harmonyisarine
04-25-2017, 07:27 AM
I think I have nightmares more often than not, to the point where I've sort of just accepted them as what I dream. I have some of the ones listed above (teeth falling out happens but is rare, "late for school dreams" all the damn time even though I've not been in any school for 8 years, and I used to get tidal wave dreams drowning me all the time but those seem to have petered out). I don't have the falling ones, though I often wake up feeling as if I've fallen a great distance. My most common nightmare has to be with being chased, and if I'm caught I'll die or be seriously hurt or robbed or the world will be destroyed--my sleeping brain is very dramatic. I've been killed twice in my dreams, though the second one was the far more distinct "death dream" and left me horribly unsettled for about a week. Long story short (time travel and world peril and the like), I was shot and rather than wake up, I felt myself bleed out and choke on blood and then it was just darkness for what felt like a minute or two until I woke up super shaken.

As far as medicines, I only take some vitamins, either ibuprofen or meloxicam (a prescription NSAID), and caffeine in the form of tea before 6pm. I try not to take antihistamines before bed unless absolutely necessary (like for the cluster headaches I mentioned in the other thread) because they make my nightmares so much worse. I also have mild-to-moderate-but-not-worse GAD, which might have something to do with it.

I also have a mild version of REM disorder. My body doesn't lock up when I dream, so I try to do in real life what my dream self is doing. Unlike the bad cases, I don't get out of bed or fully articulate. I know it makes a dream feedback loop. I've woken up before because I couldn't run and whatever is chasing me finally caught up to me, but my legs are hobbled or it feels like I'm moving through molasses, and then I wake up with the sheets in a knot around my ankles. I've learned to tuck in my sheets in different ways to help stop this and I never wear pants or long nightgowns to bed anymore and it's seriously cut down on that happening in my dreams. Benefit to this, I've never experienced that creepy sleep paralysis.

Once I dreamt I was a tiger being hunted by a poacher. I got tangled in my sheets which translated to being caught in a trap in the dream, and I woke up right before he shot me.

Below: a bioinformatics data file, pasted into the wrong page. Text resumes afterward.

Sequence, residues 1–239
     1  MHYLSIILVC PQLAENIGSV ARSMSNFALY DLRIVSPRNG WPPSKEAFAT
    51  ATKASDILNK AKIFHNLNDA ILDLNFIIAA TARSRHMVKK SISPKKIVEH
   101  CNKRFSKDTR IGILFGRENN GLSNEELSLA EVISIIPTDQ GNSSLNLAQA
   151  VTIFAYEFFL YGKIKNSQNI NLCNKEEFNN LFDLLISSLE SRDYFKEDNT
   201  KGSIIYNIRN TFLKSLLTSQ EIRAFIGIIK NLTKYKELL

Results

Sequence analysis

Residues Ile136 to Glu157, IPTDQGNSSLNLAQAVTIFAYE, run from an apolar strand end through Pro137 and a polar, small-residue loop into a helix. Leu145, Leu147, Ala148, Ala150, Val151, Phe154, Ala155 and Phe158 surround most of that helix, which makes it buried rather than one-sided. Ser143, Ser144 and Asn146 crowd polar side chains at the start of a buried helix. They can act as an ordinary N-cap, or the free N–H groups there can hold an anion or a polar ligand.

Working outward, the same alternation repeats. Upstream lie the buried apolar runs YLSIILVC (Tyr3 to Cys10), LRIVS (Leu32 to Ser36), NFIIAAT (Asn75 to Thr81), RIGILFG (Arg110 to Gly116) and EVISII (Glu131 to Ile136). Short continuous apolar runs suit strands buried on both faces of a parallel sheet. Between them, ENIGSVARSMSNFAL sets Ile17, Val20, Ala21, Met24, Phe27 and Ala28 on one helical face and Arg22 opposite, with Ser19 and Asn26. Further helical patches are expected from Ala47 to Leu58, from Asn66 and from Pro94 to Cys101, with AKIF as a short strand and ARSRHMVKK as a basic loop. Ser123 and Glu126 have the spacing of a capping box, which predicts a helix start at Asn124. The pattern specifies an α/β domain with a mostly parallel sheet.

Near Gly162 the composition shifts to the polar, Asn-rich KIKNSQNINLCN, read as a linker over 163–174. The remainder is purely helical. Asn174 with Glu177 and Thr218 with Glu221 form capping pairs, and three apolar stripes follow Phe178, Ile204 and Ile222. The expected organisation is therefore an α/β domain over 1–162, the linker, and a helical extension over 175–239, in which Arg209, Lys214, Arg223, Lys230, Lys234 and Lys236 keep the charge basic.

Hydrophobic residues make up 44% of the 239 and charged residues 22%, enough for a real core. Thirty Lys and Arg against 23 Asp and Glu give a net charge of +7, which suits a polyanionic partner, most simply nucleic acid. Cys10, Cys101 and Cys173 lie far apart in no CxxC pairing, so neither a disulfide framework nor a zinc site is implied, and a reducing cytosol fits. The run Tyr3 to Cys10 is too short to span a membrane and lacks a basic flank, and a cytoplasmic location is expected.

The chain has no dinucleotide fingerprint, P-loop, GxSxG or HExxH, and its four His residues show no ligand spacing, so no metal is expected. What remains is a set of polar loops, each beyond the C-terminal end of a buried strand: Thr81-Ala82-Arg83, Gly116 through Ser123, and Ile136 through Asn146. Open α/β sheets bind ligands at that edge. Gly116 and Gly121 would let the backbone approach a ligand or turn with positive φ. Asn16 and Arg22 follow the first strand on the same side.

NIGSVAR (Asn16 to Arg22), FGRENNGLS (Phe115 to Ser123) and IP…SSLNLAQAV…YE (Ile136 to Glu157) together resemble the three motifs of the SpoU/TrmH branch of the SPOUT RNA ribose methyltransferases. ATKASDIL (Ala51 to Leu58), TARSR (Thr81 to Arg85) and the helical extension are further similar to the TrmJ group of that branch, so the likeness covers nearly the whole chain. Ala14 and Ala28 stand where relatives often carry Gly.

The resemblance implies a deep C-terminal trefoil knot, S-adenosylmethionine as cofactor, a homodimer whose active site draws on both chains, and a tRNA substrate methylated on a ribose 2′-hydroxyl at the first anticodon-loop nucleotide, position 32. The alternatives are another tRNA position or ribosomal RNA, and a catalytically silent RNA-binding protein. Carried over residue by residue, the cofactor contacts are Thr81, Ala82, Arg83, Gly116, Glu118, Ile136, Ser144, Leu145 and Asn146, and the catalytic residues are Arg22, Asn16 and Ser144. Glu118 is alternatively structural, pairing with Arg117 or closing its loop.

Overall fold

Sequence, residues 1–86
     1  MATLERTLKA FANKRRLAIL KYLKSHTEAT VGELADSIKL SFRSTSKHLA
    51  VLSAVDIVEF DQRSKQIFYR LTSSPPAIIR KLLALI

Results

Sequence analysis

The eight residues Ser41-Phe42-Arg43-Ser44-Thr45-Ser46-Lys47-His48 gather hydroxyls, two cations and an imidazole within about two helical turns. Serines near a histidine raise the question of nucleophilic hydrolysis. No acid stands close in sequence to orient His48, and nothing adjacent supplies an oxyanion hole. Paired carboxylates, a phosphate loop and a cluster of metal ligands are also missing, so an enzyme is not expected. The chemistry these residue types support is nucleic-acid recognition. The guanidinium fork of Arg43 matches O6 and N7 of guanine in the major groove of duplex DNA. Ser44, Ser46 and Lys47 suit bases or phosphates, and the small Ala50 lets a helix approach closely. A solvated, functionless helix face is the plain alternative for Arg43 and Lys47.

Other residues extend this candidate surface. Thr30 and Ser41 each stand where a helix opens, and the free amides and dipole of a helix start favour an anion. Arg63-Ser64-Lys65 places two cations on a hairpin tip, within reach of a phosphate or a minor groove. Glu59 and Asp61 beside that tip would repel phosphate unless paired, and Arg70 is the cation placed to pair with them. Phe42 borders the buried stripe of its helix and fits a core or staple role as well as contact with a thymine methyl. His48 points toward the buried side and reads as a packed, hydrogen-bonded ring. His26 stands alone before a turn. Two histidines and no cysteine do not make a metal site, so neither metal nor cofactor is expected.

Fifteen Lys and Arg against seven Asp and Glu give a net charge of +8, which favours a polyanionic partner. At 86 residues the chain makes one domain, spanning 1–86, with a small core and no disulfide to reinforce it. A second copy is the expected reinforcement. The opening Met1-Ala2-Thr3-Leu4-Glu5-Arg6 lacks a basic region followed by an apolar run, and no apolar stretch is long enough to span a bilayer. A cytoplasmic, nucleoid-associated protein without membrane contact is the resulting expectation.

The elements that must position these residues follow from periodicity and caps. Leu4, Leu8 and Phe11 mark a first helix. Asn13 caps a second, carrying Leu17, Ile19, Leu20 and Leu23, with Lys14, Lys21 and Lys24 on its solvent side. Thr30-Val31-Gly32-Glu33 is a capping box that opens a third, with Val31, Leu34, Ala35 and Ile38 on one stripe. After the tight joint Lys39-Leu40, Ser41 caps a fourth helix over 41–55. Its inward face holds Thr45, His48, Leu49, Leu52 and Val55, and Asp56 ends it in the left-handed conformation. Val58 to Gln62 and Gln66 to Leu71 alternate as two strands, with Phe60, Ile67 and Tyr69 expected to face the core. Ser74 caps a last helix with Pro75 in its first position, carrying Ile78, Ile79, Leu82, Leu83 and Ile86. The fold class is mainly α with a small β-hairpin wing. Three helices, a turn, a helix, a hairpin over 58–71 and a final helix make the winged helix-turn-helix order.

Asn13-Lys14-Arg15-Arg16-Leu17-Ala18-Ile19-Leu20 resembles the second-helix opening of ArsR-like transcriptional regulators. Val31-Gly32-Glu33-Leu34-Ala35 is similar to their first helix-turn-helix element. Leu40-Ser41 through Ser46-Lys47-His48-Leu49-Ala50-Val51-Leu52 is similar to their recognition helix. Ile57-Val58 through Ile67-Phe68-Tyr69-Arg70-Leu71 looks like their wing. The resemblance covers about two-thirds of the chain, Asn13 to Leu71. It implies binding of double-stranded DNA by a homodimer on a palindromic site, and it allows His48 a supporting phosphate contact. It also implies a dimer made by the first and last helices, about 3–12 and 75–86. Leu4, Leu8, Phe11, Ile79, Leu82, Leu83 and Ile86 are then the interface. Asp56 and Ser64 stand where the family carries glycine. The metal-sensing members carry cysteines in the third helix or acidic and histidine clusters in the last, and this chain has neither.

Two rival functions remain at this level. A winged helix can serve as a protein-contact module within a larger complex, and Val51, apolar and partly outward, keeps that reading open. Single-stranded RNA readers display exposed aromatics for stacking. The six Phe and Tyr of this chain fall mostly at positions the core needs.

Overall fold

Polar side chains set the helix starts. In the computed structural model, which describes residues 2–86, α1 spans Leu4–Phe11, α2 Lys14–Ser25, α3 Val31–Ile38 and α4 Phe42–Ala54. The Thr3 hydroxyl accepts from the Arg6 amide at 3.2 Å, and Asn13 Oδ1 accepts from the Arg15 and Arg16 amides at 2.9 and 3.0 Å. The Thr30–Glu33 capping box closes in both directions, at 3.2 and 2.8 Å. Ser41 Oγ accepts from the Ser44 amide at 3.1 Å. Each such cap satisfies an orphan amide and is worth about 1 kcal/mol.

Deb Kinnard
04-30-2017, 07:27 AM
I forgot to mention, during the infancy of both my daughters, I had horrible nightmares. Sleep deprivation, probably, but it got so bad I was almost afraid to sleep, yet I knew I had to get what shut-eye I could before she went off again. And my kids were both scrawny little peanuts when tiny, so they woke to be fed often. Some nights it felt like every fifteen minutes, though of course it wasn't. I used to dream about losing her or hurting her. I suppose these are typical. Nobody ever warned me about post-partum dreaming.

Orianna2000
05-02-2017, 07:01 PM
I used to have wake-up-screaming nightmares several times a week. My husband got quite annoyed, because I was constantly waking him up with my screaming. Most of the time, my vocal cords were paralyzed from sleep, so I would make this screaming sound in my throat, which almost sounded more like a moan, except I'd make the sound as loud as possible, over and over, until I woke up. Sometimes the noise would wake me, but if it didn't, my hubby would wake me. On rare occasions, my vocal cords would not be paralyzed, so I'd scream full-force, which scared the crap out of my poor husband.

I used to have sleep paralysis, where I would wake up, but my brain would still be in sleep/REM mode, so I couldn't move. My eyes were open, but I was completely paralyzed. And because my brain thought I was still dreaming, I would hallucinate. Usually, I'd see a dark, shadowy figure standing in the doorway of my bedroom, which terrified me! Or I'd hear footsteps approaching, but couldn't see anyone. I would try to scream, but couldn't make more than a few whimpering sounds. Eventually, my brain would figure out that I was awake and the spell would break.